The Future of Advanced Air Mobility

For the Covid-battered Aerospace Sector, new eVTOL Partners Offer a Chance to Diversify

Spanish aerostructures specialist Aciturri started talks with eVTOL aircraft developer Lilium over a possible collaboration before the Covid pandemic cast a dark shadow over its core business supporting leading airliner manufacturers including Airbus, Boeing, and Embraer. The move proved prescient, opening an opportunity to diversify Aciturri's activities in the dynamic advanced air mobility sector, which seems immune from the virus’s stultifying effect on the air transport sector.

Under the long-term partnership announced on February 23 with Lilium, Aciturri will produce all primary composite structures for the Lilium Jet eVTOL aircraft, whose developer expects to start series production around the end of 2024. The company’s engineering team will work closely with counterparts at Lilium on finalizing the design of the composite airframe structures, as well as planning the manufacturing process.

Aciturri will make the structures, including the fuselage, wing, canard, spars, flaps, and doors, at its plant on Boecillo, around 125 miles northwest of Madrid, before transporting them to Lilium’s purpose-built final assembly line at Wessling in southern Germany. The parts will consist of carbon fiber composite materials supplied by Toray, with which Lilium signed a contract in May 2020.

Aciturri was formed in 1977 by the Clemente Zarate family and has been active in the aerostructures sector for more than three decades, having been an early pioneer of the use of composite materials to build aircraft. It is also a tier-one supplier to other aerospace groups including GKN, Daher, and Airbus Defence & Space, and produces engine components for powerplant manufacturers such as Rolls-Royce, Safran, and ITP Aero.

In January, the group’s facility in Miranda de Ebro became the first operation in Spain to achieve Nadcap accreditation for its quality standardization and improvements to manufacturing procedures and processes. At Boecillo, where the Lilium structures will be made, the company recently installed a new computer numerical control trimming equipment and a paint shop for large structures. At its Ayuelas facility, which is one of ten company sites around Spain, it has invested in a new high-speed machining center for making aluminum parts.

According to Aciturri commercial director Vicente Brisa, the company has had a similarly broad scope of engineering responsibility with other risk-sharing partners. Nonetheless, it is now prioritizing the new project with Lilium and is assigning a large team to lay the groundwork for the remaining design work and preparations for the manufacturing phase of the program.

The group has over 2,200 employees at sites that also include some facilities in Portugal and Brazil. For 2019, it reported revenues of €623 million ($757 million) although the balance sheet for 2020 seems almost certain to be diminished by significantly reduced production rates for its airliner manufacturing clients.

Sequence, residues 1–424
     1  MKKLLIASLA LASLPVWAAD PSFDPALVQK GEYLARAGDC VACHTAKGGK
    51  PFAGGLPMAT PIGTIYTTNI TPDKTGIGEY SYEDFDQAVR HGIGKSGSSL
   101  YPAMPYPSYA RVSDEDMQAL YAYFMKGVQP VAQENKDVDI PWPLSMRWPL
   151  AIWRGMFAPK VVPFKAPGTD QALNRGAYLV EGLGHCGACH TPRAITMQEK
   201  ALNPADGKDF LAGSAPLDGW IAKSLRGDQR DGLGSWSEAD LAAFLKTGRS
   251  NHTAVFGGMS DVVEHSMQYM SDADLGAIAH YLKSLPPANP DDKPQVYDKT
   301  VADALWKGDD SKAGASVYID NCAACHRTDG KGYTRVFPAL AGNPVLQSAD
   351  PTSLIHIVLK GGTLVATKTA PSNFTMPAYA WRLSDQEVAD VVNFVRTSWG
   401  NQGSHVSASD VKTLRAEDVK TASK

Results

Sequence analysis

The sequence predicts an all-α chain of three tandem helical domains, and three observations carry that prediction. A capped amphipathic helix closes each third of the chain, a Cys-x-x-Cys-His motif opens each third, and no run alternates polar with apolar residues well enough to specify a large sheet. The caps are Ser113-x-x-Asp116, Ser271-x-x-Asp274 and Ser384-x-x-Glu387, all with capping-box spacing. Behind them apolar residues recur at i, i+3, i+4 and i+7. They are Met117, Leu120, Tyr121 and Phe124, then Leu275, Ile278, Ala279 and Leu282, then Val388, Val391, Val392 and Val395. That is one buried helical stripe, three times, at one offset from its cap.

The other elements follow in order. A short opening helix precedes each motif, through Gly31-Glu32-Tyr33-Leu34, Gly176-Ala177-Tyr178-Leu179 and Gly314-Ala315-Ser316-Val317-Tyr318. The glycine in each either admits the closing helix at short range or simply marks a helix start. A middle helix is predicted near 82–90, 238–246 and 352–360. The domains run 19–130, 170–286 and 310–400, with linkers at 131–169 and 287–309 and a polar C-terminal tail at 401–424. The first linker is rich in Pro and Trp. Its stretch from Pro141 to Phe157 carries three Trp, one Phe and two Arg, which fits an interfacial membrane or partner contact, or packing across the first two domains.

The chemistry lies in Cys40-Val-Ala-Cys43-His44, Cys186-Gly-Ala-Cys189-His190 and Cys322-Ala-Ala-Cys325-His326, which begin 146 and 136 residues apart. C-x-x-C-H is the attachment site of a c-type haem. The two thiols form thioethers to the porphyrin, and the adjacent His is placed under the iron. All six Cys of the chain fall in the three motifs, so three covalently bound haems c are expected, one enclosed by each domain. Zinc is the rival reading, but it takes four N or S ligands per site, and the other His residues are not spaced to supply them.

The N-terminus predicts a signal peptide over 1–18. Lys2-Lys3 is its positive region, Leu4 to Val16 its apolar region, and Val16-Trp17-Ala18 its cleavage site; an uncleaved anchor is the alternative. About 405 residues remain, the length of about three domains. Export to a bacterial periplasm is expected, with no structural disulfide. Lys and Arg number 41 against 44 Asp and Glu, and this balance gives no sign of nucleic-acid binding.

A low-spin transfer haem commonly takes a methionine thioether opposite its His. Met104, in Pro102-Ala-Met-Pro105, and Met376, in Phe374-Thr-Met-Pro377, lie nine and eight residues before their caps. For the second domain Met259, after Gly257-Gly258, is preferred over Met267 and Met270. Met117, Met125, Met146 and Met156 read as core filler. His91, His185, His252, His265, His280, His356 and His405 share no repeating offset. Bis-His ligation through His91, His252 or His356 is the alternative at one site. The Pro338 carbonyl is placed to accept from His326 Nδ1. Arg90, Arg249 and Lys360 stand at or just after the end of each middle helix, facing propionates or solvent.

Lilium selected Aciturri as its partner from a short-list of three other leading aerostructures groups. Tier one suppliers such as GKN, Sonaca and Triumph Aerospace Structures are also aiming for partnerships in the eVTOL sector, with Triumph already being involved with U.S. company Jaunt Air Mobility.

Overseeing the selection process for Lilium was chief programs officer Yves Yemsi, who was previously senior vice president for procurement programs and supply chain with Airbus, where he had previously worked with Aciturri. In January, former Airbus CEO Thomas Enders joined the board of Lilium. 

“This long-term partnership allows us to work collaboratively with Lilium through its early operational years, and beyond, throughout which we will continue to explore new methods and advanced technologies which are advanced techniques are capable of achieving, to ensure production of the highest quality and at growing scale,” commented Aciturri CEO Alvaro Fernandez Baragano.

Lilium was formed in 2015 by four young German aerospace engineers and has since attracted more than $375 million in financial backing, mainly from international venture capital groups. It is still finalizing the design of the full-scale prototype for the Lilium Jet, and this is expected to be larger than an earlier technology demonstrator, with seven seats.

The aircraft, which is powered by 36 all-electric ducted fans, would fly to a range of up to around 185 miles and speeds of just over 60 mph. Lilium is working on plans to establish a network of 10 or more vertiports across Florida, with commercial operations slated to begin in 2025. The company has partnered with Spanish airports group Ferrovial and intends to provide scheduled regional services rather than operate the on-demand air taxi model favored by many eVTOL aircraft startups.